1: Hear My Voice: A Children’s Translation of Gospel Readings of the Catholic Mass for 2009, by Jonathan Stampf
When this arrived, I had to smile. You see, I must be meant to have it. I’ve read other reviews of it, and I briefly considered it in my choices from The Catholic Company Reviewer Program. But, in the end, I decided on something else.
But this is what arrived, this lovely hardback book with a ribbon for marking your place. (I am such a fan of ribbons in books. It is so wonderfully bookish.)
One of my reasons for hesitating on this book was that I wasn’t sure my four-year-old would like it. She loves to be read to, mind you, but reading the entire Gospel and then a children’s translation, with no page turning? I was doubtful.
She, however, was all for it. When she found out this new book was for her, she jumped up and down, asked if we could read it right then, and not only sat through the readings, but discussed it throughout the next few hours. Unfortunately, I have forgotten, for two of the four weeks since it’s arrived, to read it to her.
The weeks we’ve done it, though, there’s been an unexpected (to me) side effect: it has helped my understanding and appreciation for the Gospel and Mass that weekend. My goal this month is to read the coming week’s Gospel to her a couple of times and then talk about it before and after Mass. (We’ll see. That’s a pretty ambitious goal, now that I look at it all typed out.)
2: True Devotion to the Blessed Virgin, by St. Louis de Montfort
John Paul II said that reading True Devotion was a pivotal point in his life. I can understand why. I don’t know what’s kept me from picking up this slender little gem, aside from my false assurance that it would be difficult reading and hold me to an impossible goal. I not only found it fairly easy to read, but I could feel myself deepening somehow. I picked it up almost accidentally (or was that the Holy Spirit at work?), but I know I’ll go back to it time and again, and I’m excited to do the Consecration (though also trepidious about my ability to fail completely).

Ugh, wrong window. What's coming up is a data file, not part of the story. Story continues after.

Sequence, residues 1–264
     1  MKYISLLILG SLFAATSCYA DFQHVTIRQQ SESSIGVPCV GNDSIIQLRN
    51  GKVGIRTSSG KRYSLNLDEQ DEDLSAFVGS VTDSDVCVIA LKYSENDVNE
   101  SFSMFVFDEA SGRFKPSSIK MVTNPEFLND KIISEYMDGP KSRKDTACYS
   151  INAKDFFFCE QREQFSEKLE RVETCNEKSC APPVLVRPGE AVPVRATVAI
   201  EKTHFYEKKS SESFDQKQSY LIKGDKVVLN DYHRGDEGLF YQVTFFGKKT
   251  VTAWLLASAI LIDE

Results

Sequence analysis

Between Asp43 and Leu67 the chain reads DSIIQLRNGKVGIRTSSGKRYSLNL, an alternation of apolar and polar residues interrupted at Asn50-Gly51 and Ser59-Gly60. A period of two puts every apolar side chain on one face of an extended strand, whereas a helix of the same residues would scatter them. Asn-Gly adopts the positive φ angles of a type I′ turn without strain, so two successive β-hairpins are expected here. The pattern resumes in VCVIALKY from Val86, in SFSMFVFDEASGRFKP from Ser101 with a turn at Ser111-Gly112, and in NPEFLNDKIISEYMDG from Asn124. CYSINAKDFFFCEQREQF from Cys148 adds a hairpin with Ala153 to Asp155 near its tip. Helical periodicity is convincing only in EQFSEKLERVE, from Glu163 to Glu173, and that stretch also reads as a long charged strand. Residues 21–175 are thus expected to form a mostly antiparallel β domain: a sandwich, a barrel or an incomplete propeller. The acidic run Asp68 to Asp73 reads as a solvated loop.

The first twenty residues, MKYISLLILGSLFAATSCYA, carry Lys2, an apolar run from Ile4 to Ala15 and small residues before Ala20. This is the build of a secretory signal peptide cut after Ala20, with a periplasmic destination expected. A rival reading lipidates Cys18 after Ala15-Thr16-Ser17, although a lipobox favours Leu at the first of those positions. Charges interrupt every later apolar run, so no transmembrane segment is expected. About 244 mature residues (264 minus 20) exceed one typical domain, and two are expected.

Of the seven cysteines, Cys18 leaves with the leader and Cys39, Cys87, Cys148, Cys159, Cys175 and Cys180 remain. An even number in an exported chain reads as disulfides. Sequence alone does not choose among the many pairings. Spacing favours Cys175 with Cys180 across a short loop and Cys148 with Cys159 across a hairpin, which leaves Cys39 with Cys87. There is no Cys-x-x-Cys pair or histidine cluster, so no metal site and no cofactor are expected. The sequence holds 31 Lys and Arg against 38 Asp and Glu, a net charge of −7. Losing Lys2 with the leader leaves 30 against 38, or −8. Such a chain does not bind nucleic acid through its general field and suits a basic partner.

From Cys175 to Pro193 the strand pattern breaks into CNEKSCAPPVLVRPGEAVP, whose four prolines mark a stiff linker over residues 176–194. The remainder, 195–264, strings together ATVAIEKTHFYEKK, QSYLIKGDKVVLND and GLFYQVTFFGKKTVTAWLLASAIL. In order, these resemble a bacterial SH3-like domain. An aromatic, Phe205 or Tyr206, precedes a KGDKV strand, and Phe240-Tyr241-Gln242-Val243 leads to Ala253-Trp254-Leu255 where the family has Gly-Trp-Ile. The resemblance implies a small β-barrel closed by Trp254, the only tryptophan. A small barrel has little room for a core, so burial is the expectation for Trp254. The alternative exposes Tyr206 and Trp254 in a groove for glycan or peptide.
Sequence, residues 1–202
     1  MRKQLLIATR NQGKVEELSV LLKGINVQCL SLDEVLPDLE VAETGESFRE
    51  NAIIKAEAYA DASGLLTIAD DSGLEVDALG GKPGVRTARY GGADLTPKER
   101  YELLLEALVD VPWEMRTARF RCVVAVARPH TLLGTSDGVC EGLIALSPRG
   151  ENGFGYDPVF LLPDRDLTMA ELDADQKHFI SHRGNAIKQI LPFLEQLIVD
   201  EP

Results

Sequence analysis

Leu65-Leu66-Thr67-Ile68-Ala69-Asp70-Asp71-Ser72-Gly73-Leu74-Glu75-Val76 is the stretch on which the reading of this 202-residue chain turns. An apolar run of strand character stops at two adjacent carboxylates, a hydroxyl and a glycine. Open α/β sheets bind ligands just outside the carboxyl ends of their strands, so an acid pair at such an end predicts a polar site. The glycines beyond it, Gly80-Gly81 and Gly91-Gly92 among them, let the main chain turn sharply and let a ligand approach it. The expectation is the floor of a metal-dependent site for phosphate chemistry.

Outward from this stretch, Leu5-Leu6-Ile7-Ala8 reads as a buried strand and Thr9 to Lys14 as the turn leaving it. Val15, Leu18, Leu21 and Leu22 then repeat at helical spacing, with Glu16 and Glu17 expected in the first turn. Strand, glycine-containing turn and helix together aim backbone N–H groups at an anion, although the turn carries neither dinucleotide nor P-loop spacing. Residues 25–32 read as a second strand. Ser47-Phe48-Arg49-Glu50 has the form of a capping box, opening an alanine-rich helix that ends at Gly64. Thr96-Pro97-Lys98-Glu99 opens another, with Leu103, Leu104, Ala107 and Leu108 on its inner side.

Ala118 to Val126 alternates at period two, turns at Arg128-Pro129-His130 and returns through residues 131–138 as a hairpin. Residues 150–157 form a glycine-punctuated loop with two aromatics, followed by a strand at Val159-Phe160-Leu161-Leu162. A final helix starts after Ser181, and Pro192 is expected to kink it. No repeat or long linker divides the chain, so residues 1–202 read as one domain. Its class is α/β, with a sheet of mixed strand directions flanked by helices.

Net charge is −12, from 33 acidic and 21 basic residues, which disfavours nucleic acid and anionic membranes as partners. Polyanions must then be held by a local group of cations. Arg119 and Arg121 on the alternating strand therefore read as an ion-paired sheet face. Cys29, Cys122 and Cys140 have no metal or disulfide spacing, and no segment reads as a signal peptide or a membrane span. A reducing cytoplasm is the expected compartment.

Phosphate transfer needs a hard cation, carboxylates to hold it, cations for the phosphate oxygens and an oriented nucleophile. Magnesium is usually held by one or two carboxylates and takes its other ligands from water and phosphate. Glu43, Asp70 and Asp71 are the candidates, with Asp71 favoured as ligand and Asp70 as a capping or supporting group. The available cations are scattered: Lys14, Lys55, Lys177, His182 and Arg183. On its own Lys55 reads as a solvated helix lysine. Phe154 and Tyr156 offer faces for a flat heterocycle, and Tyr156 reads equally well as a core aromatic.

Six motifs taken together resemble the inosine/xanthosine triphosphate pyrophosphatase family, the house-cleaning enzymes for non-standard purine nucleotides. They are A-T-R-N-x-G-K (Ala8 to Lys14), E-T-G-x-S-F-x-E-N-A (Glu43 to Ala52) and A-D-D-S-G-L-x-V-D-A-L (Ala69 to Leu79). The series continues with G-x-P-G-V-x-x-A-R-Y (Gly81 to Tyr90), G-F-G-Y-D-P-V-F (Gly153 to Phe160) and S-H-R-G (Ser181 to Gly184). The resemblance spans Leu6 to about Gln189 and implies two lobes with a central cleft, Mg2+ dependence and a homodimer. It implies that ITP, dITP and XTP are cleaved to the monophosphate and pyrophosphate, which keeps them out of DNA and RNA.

3: Rosary Meditations for Real Life, by James M. Hahn
By far, this is one of the best devotional books I have ever read. I’ve been a big fan of Jim Hahn’s blog and I’ve read the reflections he has posted on his website, so I thought I knew what to expect in this book.
I was wrong.
It helped me focus on the rosary and praying the mysteries in a fresh and transformed way. I’ll be giving this book to everyone I know and encouraging everyone else to buy it. And you know what? Even if you’re not Catholic, and you think the rosary is silly, you could gain a lot by reading the reflections on the mysteries, which are important points in Jesus’ life.
4: Uncle Tom’s Cabin, by Harriet Beecher Stowe
Julie has written about Uncle Tom’s Cabin again and again (scroll down for some great posts), and I found a copy for five bucks the last time we were at Half Price Books, because it looked like a book I did, in fact, need to read. It’s been sitting on my shelf, and it made the cut when I slashed my to-read bookcase down to a shelf, so I knew I’d get to it this year. I just didn’t know it would be this soon…as it turns out, Julie is narrating it at Forgotten Classics. The joy! I’m caught up with her, to chapter 5, and it is, in fact, a book I need to read. Harrowing. Hilarious. Powerful.
5: Divine Mercy in My Soul: the Diary of St. Faustina Kowalska
I started this book two years ago. I found it difficult reading then, but I enjoyed it, and I put it down for a while. Then I picked it back up last year at Lent. Again I found it difficult reading, though it moved me interiorly and inspired me, after Lent, I put it down. When I was looking for devotional reading earlier this month, there it was, smiling at me from my desk. Though I’m finding it difficult reading, I’m also finding it (as I did both other times) amazing. It is just what I need right now.
6: Black Belt Leader, Peaceful Leader: An Introduction to Catholic Servant Leadership, by Timothy Warneka
Leadership sort of makes me roll my eyes. But from the small amount I’ve read in this book, and from what he had to say in a recent interview about this book, I’m intrigued and hooked. There will be more about this, I’m sure.
7: Michael Dubriel’s books
Earlier this week, Lisa Hendey encouraged everyone to buy a copy of Michael Dubriel’s How To Book of the Mass, and I did; it should arrive today with my friendly UPS man. The royalties go to his children’s college fund. I might buy one or more of his other books; this month Our Sunday Visitor is doubling royalties from the sale of his books. I regret that it took the tragedy of his sudden death to bring him to my attention. I’ve been praying all week for the family, and reflecting on what an impact a death has. I never met Dubriel, never read his books. And yet, here I am, immensely touched by the outpouring I see all around the Catholic blogosphere and excited about reading his books. More on this in the future too, without a doubt.